Classroom Management Procedures: A Guide for Faculty

Introduction for Faculty in Working with Disruptive Students

Students and faculty each have responsibility for maintaining an appropriate learning environment. At times, members of the John Carroll University community may come in contact with classroom behaviors that are of concern. Specifically, students who are disruptive in the classroom warrant attention from faculty. Disruptive students in the academic setting hinder the educational process. These procedures are designed to outline information for faculty to resolve behavioral issues with disruptive students. Disruptive students who fail to adhere to behavioral standards may be subject to University disciplinary action. These procedures apply both to undergraduate and graduate students.

1. Definition of Disruption

Disruptive behavior in the classroom is defined as repeated, continuous or multiple student behaviors that prevent an instructor from teaching and/or prevent students from learning. Examples of disruptive behavior include but are not limited to: persistently speaking without being recognized or interrupting other speakers, harassing behavior or personal insults, and/or using cell phones (to talk, text, play games, etc.) or iPods during class.

2. Procedures for Resolving Disruptive Behavior

The primary responsibility for managing the classroom environment rests with the faculty. The following process should be followed by faculty:

Responding to disruptive behavior:

  • If the student’s behavior is irritating, but not particularly disruptive, consider talking with the student privately after class.
  • If it is necessary to deal with a student’s behavior during class, you should calmly but firmly inform the student that the behavior is disruptive and ask that it be stopped. Example: “your use of your cell phone is bothering me and disrupting the class. Please end your conversation now and refrain from in-class phone calls in the future.”
  • If the disruptive behavior continues during either the present or some future class, warn the student (perhaps in private) that such behavior may result in student disciplinary action. Example: “I’ve already warned you about talking when I am speaking to the class. If you disrupt the class again in this manner, you will be referred to the Academic Deans Office for disciplinary action.”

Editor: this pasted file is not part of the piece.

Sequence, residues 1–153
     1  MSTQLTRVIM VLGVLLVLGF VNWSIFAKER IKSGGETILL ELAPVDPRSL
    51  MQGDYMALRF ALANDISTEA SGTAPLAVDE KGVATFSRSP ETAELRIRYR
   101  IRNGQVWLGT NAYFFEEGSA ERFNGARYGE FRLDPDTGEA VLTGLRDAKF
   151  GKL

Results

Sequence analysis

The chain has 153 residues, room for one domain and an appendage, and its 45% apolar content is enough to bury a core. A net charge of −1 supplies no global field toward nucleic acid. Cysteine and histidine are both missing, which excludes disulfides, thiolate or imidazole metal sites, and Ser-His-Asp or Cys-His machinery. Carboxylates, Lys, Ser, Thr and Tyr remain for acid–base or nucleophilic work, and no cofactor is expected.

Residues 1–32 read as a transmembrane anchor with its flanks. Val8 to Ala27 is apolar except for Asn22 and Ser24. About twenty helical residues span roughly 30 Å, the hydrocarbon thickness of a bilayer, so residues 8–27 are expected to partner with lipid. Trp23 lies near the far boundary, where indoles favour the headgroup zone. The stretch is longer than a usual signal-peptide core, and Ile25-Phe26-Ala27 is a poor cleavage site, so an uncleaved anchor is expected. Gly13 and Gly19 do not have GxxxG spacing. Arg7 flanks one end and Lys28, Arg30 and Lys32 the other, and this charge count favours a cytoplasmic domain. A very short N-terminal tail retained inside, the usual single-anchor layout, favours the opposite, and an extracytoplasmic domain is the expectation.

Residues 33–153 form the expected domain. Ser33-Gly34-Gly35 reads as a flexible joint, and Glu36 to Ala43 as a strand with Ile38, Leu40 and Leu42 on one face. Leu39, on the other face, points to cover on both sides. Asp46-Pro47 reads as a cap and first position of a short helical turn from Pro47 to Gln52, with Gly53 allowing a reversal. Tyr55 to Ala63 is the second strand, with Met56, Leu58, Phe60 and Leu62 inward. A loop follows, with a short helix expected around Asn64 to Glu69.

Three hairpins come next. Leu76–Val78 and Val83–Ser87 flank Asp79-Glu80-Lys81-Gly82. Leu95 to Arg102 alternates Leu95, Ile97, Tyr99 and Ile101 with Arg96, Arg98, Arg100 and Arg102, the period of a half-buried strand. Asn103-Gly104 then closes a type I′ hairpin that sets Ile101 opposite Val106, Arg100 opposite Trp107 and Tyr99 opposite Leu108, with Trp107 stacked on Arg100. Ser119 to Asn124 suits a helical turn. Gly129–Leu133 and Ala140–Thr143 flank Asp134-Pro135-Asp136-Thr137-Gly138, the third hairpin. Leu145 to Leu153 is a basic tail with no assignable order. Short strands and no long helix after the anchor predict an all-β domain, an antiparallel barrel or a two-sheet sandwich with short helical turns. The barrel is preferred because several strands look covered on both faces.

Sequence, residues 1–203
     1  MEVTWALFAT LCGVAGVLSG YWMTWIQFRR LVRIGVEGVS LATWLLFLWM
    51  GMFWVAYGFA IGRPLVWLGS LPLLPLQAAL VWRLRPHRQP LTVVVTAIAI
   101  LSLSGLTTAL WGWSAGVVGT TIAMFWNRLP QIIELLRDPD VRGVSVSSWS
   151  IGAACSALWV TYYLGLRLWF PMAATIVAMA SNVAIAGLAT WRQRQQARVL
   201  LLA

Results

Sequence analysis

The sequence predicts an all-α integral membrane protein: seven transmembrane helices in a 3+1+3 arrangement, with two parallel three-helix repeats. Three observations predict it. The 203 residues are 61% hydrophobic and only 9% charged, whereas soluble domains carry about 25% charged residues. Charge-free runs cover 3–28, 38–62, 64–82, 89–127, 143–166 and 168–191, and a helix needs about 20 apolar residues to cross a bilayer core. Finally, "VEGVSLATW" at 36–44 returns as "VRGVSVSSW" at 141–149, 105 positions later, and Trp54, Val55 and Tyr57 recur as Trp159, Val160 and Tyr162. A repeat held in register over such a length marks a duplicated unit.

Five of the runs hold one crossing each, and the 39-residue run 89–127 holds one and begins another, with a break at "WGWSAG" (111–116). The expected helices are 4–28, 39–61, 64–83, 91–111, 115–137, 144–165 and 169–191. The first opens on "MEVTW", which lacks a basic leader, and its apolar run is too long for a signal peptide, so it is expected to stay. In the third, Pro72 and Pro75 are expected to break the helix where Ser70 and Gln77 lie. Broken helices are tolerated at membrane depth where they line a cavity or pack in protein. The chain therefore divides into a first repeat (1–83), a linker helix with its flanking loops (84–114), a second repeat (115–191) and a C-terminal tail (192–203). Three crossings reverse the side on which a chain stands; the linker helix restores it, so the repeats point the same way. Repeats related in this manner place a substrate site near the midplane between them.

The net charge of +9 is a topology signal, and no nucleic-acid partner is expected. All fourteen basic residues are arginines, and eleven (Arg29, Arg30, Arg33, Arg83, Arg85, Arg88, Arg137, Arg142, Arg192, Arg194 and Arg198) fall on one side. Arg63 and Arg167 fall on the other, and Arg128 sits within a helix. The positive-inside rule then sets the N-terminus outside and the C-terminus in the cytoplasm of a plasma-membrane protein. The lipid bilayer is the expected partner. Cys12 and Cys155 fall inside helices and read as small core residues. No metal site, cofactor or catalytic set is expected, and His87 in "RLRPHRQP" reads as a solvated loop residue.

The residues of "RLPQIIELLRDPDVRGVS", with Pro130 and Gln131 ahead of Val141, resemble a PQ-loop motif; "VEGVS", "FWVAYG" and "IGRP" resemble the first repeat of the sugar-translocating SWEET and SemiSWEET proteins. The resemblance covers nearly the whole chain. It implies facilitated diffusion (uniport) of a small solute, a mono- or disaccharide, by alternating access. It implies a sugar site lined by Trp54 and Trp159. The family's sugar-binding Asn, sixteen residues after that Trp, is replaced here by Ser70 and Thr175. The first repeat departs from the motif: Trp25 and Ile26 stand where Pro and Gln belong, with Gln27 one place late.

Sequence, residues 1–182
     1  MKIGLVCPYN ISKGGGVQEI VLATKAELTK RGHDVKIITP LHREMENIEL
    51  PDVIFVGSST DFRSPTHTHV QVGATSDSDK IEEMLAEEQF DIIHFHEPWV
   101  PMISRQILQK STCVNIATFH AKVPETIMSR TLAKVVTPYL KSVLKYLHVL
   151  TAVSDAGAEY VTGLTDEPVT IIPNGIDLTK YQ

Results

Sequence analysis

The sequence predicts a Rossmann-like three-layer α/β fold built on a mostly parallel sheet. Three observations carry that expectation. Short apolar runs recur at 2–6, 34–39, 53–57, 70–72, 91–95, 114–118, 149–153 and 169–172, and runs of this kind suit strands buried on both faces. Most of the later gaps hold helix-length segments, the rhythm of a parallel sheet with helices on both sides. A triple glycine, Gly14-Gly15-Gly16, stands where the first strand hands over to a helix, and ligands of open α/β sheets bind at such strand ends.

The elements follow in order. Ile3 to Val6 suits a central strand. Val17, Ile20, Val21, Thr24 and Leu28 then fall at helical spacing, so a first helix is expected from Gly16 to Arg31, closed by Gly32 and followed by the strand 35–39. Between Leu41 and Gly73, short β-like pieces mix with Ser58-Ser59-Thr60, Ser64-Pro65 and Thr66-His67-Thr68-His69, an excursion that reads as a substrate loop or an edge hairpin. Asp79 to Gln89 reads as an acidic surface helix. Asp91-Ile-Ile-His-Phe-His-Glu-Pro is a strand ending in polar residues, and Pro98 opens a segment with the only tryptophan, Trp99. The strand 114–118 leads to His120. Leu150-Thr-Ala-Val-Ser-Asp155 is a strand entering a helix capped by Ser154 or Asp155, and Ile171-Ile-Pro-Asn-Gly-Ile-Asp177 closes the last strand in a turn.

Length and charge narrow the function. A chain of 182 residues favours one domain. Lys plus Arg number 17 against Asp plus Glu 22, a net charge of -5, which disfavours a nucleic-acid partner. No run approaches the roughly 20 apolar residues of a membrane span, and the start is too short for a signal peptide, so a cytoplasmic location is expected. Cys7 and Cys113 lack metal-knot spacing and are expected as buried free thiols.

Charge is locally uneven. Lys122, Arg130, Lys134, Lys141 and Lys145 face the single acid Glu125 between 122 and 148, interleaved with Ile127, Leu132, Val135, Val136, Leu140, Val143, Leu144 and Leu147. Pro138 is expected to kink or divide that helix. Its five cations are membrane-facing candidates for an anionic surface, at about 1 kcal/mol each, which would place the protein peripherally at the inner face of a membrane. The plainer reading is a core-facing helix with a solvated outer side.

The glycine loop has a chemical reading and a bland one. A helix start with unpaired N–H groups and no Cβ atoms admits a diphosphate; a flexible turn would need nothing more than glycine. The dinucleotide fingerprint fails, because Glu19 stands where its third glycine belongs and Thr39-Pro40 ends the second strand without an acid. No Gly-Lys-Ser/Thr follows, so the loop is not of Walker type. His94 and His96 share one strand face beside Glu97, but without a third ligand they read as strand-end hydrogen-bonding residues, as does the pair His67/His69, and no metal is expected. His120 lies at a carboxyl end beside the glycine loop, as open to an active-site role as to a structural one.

• If it is suspected that the disruptive behavior indicates distress of some kind (see the addendum), it is appropriate to either encourage the student to seek assistance via the University Counseling Center or to contact the AAVP for Academic Programs and Faculty Diversity to encourage that an Assessment Team be convened.
  • Faculty members are encouraged to keep a log of the date, time, and nature of all incidents of disruptive behavior and any meetings you have with the student. Document incidents and meetings immediately, while specifics and details are still fresh in your memory.
  • If the student continues the disruptive behavior despite this warning, the student should then be asked to leave the classroom. Following the class, the instructor should contact the Department Chair and the Associate Dean in the college/school offering the course and provide pertinent information about the student’s behavior. The Associate Dean will determine if disciplinary action will be pursued.
  • If the student refuses to leave the classroom after being instructed to do so, s/he should be informed that this refusal is a separate instance of disruptive behavior subject to additional disciplinary action.
  • If the student continues to refuse to leave the classroom, the instructor may choose to adjourn class for the day or call security and have the student removed.

The disciplinary process: